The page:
//depot/main/code/file.c#8 - edit default change (txt) by jim@stlouis

you can delete the stlouis client workspace specification with:

p4 client -d -f stlouis

Deleting a client workspace specification automatically reverts all files opened in that workspace, deletes pending changelists associated with the workspace, and any pending fix records associated with the workspace. Deleting a client workspace specification does not affect any files in the workspace actually used by the workspace's owner; the files can still be accessed by other employees.

Reclaiming disk space by archiving files

Over time, a Perforce server accumulates many revisions of files from old projects that are no longer in active use. Because p4 delete merely marks files as deleted in their head revisions, it cannot be used to free up disk space on the server.

Archive depots are a solution to this problem. You use archive depots to move infrequently-accessed files to bulk storage. To create one, mount a suitable filesystem, and use the p4 archive (and related p4 restore) commands to populate an archive depot located on this storage.


Archive depots are not a backup mechanism.

Archive depots are merely a means by which you can free up diskspace by reallocating infrequently-accessed files to bulk storage, as opposed to p4 obliterate, which removes file data and history.

Archiving is restricted to files that meet all of the following criteria:

  • By default, files must be stored in full (+F) or compressed (+C) format. To archive text files (or other files stored as deltas), use p4 archive -t, but be aware that the archiving of RCS deltas is computationally expensive.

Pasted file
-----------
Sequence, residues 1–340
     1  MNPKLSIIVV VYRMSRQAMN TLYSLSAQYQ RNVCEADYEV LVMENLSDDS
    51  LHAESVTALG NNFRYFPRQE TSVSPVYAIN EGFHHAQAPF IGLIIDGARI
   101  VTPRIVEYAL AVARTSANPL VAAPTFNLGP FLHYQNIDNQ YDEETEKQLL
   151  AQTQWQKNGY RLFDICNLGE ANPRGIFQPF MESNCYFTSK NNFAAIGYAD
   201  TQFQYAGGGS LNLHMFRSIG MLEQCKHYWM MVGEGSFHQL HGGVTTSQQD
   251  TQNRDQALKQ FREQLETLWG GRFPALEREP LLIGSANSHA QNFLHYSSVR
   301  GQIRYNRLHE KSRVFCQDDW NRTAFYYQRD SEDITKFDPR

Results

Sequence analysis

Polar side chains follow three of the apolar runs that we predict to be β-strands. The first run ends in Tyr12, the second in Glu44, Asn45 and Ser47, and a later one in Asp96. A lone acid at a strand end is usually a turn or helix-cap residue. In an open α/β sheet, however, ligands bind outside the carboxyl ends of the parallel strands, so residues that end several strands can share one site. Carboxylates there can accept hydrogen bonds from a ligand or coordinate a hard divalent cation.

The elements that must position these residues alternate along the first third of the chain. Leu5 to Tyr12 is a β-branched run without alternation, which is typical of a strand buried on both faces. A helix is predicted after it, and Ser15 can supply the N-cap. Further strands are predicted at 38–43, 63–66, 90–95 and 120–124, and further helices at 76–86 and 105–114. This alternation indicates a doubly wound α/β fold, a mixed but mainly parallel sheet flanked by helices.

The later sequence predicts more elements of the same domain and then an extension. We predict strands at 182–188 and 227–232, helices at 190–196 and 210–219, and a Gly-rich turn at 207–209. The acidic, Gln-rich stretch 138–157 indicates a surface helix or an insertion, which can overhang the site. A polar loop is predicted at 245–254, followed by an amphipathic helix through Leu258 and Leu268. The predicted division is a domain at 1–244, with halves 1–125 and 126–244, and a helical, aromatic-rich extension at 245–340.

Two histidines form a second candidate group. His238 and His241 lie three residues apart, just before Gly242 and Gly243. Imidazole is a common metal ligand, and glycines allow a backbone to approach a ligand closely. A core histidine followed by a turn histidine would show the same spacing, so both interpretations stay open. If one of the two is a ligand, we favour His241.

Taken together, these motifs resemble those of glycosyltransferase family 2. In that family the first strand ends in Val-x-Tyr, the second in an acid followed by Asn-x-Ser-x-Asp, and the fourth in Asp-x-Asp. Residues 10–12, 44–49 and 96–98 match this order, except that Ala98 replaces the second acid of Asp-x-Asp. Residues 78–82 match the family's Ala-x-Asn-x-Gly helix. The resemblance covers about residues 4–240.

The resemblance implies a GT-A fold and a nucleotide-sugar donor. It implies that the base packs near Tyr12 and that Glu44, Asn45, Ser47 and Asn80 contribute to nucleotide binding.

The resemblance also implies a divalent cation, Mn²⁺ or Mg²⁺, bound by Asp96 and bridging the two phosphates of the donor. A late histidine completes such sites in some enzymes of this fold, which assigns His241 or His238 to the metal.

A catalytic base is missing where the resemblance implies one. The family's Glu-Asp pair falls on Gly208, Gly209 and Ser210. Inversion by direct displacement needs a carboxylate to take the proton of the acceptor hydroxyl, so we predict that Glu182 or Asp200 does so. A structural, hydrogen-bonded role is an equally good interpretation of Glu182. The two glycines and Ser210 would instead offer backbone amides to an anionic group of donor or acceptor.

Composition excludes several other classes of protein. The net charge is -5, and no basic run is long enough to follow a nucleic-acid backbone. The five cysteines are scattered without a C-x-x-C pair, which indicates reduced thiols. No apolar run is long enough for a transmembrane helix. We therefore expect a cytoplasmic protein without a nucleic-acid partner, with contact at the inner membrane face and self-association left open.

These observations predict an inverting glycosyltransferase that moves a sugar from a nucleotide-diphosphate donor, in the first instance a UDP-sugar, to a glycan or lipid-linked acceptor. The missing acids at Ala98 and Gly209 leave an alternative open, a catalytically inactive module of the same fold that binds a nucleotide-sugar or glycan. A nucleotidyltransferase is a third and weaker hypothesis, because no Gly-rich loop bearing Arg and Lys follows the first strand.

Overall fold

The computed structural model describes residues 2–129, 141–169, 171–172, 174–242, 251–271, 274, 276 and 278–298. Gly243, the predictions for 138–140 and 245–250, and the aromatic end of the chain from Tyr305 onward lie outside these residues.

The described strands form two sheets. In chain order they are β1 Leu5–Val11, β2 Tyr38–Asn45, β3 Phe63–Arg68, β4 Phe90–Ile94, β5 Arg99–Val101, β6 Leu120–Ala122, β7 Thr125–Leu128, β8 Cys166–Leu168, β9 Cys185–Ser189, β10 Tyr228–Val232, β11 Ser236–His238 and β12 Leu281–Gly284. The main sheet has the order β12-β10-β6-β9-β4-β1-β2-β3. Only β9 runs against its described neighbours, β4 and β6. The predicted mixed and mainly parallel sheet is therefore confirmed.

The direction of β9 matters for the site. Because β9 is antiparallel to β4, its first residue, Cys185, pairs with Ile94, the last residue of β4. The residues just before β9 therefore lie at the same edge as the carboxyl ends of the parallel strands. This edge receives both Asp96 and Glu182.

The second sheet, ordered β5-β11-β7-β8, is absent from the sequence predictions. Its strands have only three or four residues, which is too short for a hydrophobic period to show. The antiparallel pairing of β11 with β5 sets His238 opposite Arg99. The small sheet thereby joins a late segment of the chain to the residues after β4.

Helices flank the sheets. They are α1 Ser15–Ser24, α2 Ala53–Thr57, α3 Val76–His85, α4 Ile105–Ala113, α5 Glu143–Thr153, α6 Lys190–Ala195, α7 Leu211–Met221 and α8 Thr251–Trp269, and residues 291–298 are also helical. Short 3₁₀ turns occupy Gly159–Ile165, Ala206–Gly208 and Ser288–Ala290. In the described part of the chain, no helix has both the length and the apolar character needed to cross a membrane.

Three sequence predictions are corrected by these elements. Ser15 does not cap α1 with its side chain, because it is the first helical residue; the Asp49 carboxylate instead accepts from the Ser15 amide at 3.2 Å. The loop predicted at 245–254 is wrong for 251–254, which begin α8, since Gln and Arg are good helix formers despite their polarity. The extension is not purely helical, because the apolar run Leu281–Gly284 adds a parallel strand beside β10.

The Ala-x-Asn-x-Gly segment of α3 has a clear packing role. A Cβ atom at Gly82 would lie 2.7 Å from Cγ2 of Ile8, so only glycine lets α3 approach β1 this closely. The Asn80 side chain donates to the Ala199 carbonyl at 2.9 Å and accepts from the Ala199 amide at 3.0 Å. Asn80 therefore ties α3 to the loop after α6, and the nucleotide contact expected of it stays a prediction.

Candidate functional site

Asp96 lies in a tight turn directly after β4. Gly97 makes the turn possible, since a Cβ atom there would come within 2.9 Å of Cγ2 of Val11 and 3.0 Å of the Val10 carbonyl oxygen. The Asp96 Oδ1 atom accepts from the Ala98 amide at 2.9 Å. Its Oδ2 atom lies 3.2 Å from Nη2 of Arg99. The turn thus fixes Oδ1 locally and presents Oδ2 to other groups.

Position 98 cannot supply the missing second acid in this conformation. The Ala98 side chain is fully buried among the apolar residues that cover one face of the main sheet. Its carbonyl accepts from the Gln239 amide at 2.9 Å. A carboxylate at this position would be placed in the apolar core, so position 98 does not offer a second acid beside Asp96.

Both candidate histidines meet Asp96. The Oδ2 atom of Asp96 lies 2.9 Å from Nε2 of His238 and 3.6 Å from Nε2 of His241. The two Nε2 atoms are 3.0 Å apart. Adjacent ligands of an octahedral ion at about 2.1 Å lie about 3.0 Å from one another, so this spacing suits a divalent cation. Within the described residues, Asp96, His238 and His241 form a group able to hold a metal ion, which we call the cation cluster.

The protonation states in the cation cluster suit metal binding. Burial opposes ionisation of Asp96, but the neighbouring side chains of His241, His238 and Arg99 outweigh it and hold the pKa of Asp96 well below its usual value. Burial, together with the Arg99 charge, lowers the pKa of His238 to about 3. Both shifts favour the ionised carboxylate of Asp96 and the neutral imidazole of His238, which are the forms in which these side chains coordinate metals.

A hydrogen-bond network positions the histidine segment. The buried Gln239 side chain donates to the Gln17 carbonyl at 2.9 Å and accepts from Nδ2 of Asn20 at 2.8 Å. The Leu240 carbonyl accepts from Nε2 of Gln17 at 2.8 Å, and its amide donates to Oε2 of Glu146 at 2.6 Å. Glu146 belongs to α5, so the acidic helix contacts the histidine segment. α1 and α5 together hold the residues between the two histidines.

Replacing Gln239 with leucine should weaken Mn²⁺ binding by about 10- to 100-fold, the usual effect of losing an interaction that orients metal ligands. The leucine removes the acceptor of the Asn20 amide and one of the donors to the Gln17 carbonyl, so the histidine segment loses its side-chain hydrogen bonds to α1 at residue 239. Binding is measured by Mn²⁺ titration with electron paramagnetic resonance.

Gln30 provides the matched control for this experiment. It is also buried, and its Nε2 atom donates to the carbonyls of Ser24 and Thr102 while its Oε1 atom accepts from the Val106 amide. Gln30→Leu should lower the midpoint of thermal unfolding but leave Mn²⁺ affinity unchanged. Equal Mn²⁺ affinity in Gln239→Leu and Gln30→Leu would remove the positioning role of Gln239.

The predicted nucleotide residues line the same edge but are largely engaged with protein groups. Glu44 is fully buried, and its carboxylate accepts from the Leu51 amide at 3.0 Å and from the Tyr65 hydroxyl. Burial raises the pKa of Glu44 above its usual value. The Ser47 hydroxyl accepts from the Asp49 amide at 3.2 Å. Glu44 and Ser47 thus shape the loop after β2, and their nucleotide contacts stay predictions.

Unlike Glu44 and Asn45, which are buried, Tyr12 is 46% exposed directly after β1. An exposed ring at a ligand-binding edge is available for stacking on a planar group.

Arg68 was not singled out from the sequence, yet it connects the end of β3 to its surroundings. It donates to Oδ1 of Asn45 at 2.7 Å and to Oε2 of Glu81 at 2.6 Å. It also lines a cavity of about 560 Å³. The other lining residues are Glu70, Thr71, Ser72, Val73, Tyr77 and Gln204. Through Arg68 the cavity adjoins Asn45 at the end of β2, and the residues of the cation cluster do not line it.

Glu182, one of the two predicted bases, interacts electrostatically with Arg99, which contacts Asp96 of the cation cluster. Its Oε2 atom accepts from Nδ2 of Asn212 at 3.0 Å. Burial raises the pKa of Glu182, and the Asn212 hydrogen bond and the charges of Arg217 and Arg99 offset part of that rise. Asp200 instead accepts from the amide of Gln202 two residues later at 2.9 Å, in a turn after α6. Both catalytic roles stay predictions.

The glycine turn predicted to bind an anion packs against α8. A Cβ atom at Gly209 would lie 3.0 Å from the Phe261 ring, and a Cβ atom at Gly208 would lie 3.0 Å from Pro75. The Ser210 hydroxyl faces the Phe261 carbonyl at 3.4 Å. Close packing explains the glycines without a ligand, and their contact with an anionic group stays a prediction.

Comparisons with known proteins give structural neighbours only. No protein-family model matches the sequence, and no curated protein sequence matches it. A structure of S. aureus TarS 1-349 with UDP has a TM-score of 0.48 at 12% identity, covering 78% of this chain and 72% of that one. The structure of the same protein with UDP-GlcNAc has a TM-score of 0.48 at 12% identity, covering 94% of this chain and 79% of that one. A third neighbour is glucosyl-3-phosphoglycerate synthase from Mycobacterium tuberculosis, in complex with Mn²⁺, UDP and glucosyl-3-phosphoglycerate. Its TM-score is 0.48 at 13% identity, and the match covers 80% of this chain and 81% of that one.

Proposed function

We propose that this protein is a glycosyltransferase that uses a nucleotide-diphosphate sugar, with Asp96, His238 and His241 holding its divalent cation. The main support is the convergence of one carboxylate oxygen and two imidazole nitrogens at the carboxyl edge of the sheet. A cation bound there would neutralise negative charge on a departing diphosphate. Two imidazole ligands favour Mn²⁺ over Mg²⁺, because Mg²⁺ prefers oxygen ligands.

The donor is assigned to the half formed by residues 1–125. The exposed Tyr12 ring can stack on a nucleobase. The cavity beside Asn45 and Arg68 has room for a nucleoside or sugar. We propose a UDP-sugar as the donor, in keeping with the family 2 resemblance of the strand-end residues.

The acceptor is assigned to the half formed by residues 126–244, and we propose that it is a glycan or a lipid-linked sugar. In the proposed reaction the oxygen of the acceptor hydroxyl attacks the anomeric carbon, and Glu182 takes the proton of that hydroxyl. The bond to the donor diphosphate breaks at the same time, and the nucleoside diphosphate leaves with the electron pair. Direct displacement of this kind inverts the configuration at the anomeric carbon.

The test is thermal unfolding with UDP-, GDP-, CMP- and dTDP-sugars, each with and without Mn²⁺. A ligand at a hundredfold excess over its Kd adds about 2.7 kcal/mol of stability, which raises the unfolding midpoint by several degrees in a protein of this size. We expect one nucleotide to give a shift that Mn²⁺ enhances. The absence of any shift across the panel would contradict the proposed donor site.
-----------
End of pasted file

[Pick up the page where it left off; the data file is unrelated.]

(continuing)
• Files must not be copied or branched from other revisions

  • Files must not be copied or branched to other revisions

  • Files must already exist in a local depot.

To create an archive depot and archive files to it:

  1. Create a new depot with p4 depot and set the depot's Type: to archive. Set the archive depot's Map: to point to a filesystem for near-line or detachable storage.

  2. Mount the volume to which the archive depot is to store its files.

  3. Use p4 archive to transfer the files from a local depot to the archive depot.

  4. (Optionally), unmount the volume to which the archive files were written.

Disk space is freed up on the (presumably high-performance) storage used for your local depot, and users can no longer access the contents of the archived files, but all file history is preserved.

To restore files from an archive depot:

  1. Mount the volume on which the archive depot's files are stored.

  2. Use p4 restore to transfer the files from the archive depot to a local depot.